There’s a phenomenon among some NFL scouts, characterized by the development of fond feelings toward a prospect. They predict good things for that player based not only on performance, but on their interactions with that prospect. Mostly this warmth is reserved for prospects who don’t initially get a ton of attention in early draft reports.
It’s called a “draft crush,” and NFL coaches get them too.
That is a good thing, if you’re East Carolina’s Zay Jones.
His crisp route-running and nice hands on both inside and outside routes have really impressed the scouts and analysts at the Senior Bowl this week. In fact, he was intentionally matched up against Michigan cornerback Jourdan Lewis, one of the top cornerbacks in the country, in Wednesday’s practice to really push his abilities.
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“He’s good,” Jones said with a nod of emphasis. “Very quick. Great feet, great recovery speed. It’s an honor to go up against someone like that.”
Winning matchups against Lewis can only improve Jones’ stock as the NFL Combine and the draft approach – before the Senior Bowl, he was predicted by many to be a mid-to-late round prospect.
But what makes Jones more of a “draft crush” is his personality and intelligence. His ability to scout Lewis and to self-scout, for example, was highly impressive for someone asked to process so much information in just three days of practice. But he was a five-position receiver at East Carolina, so information analysis is not new to him.
Jones remembers the name of each reporter who speaks with him, and addresses that reporter by name in conversation as proof he is actively listening and engaged – something that will go a long way in interviews with coaches and NFL team personnel. He is quick to speak of his willingness to fit in literally anywhere a coach might want him – in the slot, on the outside or on special teams.
He is humble despite his talent, and even though Jones in 2016 became the all-time NCAA receptions leader (399), he speaks in amazement of other receivers around him, such as roommate Trent Taylor of Louisiana Tech and big-name wideout Amara Darboh of Michigan.
“I’m fans of them,” he said. “I mean, I’m a fan of the game of football, so to actually see these guys out here in person is kind of cool. I’m not starstruck or anything, but it’s just like, ‘Wow, these are some of the elite guys across the nation.’ So to be a part of it is just a blessing.”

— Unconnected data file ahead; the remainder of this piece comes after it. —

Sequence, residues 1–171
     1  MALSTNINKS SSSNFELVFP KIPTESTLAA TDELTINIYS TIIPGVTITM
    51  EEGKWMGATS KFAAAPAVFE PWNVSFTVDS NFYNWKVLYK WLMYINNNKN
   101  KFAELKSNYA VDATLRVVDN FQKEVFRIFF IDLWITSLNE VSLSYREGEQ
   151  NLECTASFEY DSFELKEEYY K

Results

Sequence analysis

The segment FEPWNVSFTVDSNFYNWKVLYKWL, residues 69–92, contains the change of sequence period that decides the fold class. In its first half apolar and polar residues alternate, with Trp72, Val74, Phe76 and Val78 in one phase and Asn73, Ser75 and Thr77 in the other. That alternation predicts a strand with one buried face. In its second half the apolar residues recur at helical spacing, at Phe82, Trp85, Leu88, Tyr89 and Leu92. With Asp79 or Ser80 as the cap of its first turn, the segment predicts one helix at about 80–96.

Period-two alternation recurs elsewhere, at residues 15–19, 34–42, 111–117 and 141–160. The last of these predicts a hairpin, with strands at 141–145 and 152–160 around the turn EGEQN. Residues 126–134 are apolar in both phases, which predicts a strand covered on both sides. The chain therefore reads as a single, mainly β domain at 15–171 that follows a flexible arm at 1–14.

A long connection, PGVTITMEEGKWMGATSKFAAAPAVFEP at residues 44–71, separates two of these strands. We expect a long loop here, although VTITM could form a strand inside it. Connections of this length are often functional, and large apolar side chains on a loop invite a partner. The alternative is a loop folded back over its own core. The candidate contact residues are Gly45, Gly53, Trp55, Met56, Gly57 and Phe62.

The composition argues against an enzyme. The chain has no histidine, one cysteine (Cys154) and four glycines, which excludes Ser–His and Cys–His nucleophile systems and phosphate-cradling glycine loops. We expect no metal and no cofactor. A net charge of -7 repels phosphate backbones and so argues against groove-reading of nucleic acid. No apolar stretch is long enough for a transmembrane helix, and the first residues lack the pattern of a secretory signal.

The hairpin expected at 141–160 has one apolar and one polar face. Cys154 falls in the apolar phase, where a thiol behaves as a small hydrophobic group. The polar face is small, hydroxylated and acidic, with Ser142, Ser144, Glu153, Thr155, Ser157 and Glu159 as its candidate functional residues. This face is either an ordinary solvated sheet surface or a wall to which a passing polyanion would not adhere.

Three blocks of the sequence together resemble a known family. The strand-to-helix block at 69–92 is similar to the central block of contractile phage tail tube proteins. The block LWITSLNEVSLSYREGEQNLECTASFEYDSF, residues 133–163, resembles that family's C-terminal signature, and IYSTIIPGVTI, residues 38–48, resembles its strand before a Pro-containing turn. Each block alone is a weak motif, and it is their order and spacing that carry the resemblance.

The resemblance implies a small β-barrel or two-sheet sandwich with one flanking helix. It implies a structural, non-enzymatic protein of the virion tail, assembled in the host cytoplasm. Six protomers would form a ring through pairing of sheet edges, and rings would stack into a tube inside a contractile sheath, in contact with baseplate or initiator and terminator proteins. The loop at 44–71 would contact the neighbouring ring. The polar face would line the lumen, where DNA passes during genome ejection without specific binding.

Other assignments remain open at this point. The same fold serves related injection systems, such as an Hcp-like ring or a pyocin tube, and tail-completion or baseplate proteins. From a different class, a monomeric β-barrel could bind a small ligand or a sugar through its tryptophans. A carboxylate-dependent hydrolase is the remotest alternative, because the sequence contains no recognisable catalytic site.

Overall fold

Three things we learned
▪ LSU cornerback Tre’Davious White, a top Senior Bowl prospect, will miss the game after injuring his ankle in practice on Wednesday. He did not practice on Thursday.
▪ Tennessee quarterback Josh Dobbs was announced as the starting quarterback for the South team on Thursday. All signs point to Pitt product Nate Peterman starting for the North.
▪ Based on the tweets and mutterings of many scouts and analysts at Thursday’s practice (and in the days before), Temple linebacker Haason Reddick wowed and improved his draft stock by a large amount, especially when involved in pass-rush drills. Rotoworld and NBC Sports analyst Josh Norris said earlier this week that Reddick acquired his now-signature bend by practicing yoga.
By the numbers
2 Number of would-be Senior Bowl participants who are recovering from injuries who came anyway for networking opportunities and interviews with teams. According to Senior Bowl representative Patrick Woo, Florida safety Marcus Maye and Alabama safety Eddie Jackson were to be in Mobile on Thursday night.
80 Explosive movements at the Senior Bowl by North Carolina wide receiver Ryan Switzer heading into Thursday’s practice, according to numbers recorded for the Senior Bowl by Catapult Sports and Roster Watch. That was almost double the next-highest number, 44 for Grambling receiver Chad Williams.
▪ The Starbucks a half-mile from the stadium seems to be quite popular with the Chicago Bears staff, who, head coach John Fox included, held a brief meeting there after the North Team wrapped up practice on Thursday.
▪ As the Senior Bowl practices wrapped up, the players scouts and coaches seemed to talk about the most were Jones, receiver Cooper Kupp, defensive end Deshaun Hall and tight end O.J. Howard.
They said it
▪ “This may sound stupid, but we want our first marketing deal do be for Lunchables. My favorite Lunchable is pizza. I like the crackers, but I’m definitely a pizza guy. I’m dead-ass serious.” – Clemson linebacker Ben Bouleware, in a “diary” entry with Andy Staples of Sports Illustrated.
▪ “In the past I’ve gotten killed for not drafting tackles. I’ll tell you right now, if you overdraft a guy, you’re going to be upset. The coaches are going to be upset. The team is going to be upset. Everybody’s going to be mad at the guy, and it’s not his fault. ... No, he was a sixth round pick, and you took him the fourth round. That’s not his fault.” – Panthers general manager Dave Gettleman